Let’s take a step back and look at the consequences of the warming climate from another angle. Are all the influences of global warming negative? Luckily, no, but we are not downplaying the seriousness of climate change for wine and everyone else on the planet.

Riper and balanced grapes

Take, for example, that wines reach ripeness quicker and contain more sugar and less acid… This has led to wines from several regions improving, especially in northern areas where it isn’t as warm. Up to now, Bordeaux Cabernet Sauvignon, Burgundian Pinot Noir and Cabernet Franc from the Loire have often presented more green and vegetal aromas than jammy or cooked fruits. But that is changing. Hot years like 2005, 2009 and 2010 tend to create the better vintages that are appreciated and known by everyone.

The more northerly French regions could be less threatened than those the south. The consequences of climate change are already strongly felt in Banyuls, for example, where the alcohol percentage of the wine has risen by 1% every 10 years. Here, several experiments have taken place.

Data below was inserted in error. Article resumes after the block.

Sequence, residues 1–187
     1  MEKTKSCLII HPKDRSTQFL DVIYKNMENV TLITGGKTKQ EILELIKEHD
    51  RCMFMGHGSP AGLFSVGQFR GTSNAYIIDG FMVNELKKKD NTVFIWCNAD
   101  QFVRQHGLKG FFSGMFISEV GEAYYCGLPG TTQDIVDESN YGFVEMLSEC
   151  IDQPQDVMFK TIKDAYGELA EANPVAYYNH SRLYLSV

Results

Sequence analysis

And even if adding sugar to help increase the alcohol percentage becomes scarcer, nobody is going to complain. Generally speaking, a winemaker has more possible options during a vintage that’s too hot than one that’s too cold.

It is true that the alcohol percentage of wines is rising in most French regions due to the use of producing wines from riper grapes and that is largely down to the effects of global warming, but a small amount of it is down to the influence of some international wine critics.

And while extremely hot vintages are multiplying, there still have been a few in recent years where the grapes have been just ripe enough or underripe like in 2004, 2007, 2008, 2012, 2017 and 2021.


The threat of climate change is real and serious, and the world of wine needs to adapt quickly to the changes it causes. One example is adjusting the grape varieties allowed, which has already happened in several French regions. Those in charge of the Southern Rhône Valley AOC, where Syrah is widely planted, have allowed the region’s more traditional varieties like Carignan, Counoise and Vaccarèse, which are better suited to a very hot climate, back into the appellation. The Côtes du Rhône and Côtes du Rhône Villages AOCs permitted four new varieties to be trialled in 2022.